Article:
Travel Tips

Acceptable Beauty Habits On Planes?

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Today I was reminded of what I must sometimes look like to fellow travelers, and I will definitely be paying more attention to my actions.

I had female passengers on either side of me and I watched, slightly startled, as the woman across the aisle pulled out hand lotion and engaged in a very thorough application of it to her hands. Not just applying, no, actively rubbing it in and holding her hands at chest level doing that intertwined hand motion that looks more like an advertisement for you’re  supposed to wash your hands. She then fluffed her hair repeatedly before abruptly and loudly brushing herself off.

20 minutes later my seatmate pulls out her iPad, but not to play. Nope. To use it as a mirror to very carefully re-do her hair and then to check several spots on her face. The seats are tight so there was no way for me to not be a part of the process.

Then the woman across the aisle pulls out her iPhone and starts checking her face and applying lip gloss. Then pulls out her compact and starts powdering her face. Not a quick refresher, but a very careful dabbing process. It was not attractive!

Now do I have problems with people doing personal grooming on planes? Not at all. And I don’t even have a problem with it happening at the seat, but I think there’s degrees of appropriateness. I’m guilty all the time of running a brush through my hair or reapplying lip gloss, but those are mostly quick actions that my seatmate can easily ignore if they wish.

To me, there’s a difference between filing a hangnail and shaping all ten at your seat (fortunately I’ve never seen toenails being trimmed in-flight like other bloggers have had to). A difference between a quick brushing of hair and an elaborate re-arrangement. The same with checking how your face looks and removing an offensive ear/nose hair. All these things can happen on a plane, but some are best saved for the restroom rather than your seat.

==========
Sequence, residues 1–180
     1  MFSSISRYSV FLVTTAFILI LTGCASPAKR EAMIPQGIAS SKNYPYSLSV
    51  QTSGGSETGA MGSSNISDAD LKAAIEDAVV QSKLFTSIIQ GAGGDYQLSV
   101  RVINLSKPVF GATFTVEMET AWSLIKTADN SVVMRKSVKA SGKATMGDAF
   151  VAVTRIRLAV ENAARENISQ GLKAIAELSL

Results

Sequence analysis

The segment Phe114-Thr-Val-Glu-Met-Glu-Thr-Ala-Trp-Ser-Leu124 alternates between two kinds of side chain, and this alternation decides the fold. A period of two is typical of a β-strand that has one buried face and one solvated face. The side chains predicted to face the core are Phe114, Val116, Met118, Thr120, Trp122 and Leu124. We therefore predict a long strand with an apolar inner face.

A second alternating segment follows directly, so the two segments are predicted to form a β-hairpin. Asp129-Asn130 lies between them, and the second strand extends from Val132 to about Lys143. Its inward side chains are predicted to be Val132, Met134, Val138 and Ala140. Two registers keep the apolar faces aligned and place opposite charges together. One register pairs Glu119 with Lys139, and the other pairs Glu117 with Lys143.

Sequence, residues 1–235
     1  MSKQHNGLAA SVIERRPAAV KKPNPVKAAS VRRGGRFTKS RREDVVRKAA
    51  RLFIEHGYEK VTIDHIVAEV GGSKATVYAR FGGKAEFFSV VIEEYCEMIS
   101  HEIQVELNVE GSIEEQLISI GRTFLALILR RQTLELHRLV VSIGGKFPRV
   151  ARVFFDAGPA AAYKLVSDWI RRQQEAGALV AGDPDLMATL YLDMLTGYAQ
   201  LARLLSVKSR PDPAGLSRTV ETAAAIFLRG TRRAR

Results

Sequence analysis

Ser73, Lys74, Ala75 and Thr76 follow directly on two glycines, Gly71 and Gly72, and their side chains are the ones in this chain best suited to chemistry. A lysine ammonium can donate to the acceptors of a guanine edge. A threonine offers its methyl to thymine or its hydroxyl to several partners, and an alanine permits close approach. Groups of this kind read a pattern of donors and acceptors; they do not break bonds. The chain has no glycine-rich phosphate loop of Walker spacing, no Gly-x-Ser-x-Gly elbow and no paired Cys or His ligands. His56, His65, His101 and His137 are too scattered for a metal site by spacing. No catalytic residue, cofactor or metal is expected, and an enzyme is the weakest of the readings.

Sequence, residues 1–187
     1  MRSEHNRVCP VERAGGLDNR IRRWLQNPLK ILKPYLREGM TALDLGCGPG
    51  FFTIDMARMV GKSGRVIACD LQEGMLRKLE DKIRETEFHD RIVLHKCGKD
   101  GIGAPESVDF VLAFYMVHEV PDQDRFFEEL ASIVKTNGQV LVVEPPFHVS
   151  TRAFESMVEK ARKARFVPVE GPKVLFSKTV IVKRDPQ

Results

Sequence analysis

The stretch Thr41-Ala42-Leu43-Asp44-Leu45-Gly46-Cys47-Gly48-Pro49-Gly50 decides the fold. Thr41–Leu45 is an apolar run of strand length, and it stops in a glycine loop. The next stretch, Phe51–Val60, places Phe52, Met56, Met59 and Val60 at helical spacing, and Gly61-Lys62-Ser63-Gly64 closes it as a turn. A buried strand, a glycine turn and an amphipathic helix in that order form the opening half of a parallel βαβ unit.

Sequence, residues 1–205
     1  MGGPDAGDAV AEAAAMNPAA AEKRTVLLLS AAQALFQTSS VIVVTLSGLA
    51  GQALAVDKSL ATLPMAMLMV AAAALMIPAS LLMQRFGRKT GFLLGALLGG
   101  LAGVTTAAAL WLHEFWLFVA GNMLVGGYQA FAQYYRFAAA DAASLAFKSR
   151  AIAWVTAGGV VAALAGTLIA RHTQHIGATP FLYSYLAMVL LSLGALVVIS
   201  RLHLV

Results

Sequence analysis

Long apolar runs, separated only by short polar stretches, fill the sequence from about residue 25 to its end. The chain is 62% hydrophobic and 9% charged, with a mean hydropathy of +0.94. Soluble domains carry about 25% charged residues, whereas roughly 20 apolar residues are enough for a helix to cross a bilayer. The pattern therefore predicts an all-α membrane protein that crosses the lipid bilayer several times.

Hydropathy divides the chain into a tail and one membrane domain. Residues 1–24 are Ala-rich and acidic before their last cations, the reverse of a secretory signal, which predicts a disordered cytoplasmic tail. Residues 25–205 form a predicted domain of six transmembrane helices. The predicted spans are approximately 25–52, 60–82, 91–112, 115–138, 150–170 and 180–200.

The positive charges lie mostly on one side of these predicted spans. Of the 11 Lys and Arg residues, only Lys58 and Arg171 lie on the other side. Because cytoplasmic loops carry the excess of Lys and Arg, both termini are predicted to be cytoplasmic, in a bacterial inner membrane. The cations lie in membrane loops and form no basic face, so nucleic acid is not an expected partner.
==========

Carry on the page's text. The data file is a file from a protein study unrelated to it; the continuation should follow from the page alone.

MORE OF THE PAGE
Related to that on the flight out the person in front of my (who was not deaf) was actively signing a song to herself, arms outstretched, bouncing slightly in her chair. It was distracting, and to me, not the most considerate choice. I don’t think people should sing out loud on a plane, nor for that matter should they talk to themselves, and signing a song vigorously seems to me to fall into the same category.

Watching those passengers in action made me realize how some of my past habits might make me distasteful to my fellow travelers and I’ve resolved to get better about chewing on the occasional hangnail or giving my hair undue attention.

What do others think? Am I being too harsh, should I reconsider what I think is acceptable?


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Heels First is the travels and tribulations of two twenty-something frequent fliers jumping into the world of travel. Join Keri and Jeanne as they tackle mileage runs, elite status, and of course–the perfect travel accessories.

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